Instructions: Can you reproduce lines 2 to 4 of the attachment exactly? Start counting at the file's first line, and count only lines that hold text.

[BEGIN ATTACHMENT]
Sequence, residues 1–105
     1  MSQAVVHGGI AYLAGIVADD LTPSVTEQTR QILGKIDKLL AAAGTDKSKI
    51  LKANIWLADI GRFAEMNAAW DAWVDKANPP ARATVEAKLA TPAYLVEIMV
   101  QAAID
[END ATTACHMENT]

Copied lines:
     1  MSQAVVHGGI AYLAGIVADD LTPSVTEQTR QILGKIDKLL AAAGTDKSKI
    51  LKANIWLADI GRFAEMNAAW DAWVDKANPP ARATVEAKLA TPAYLVEIMV
   101  QAAID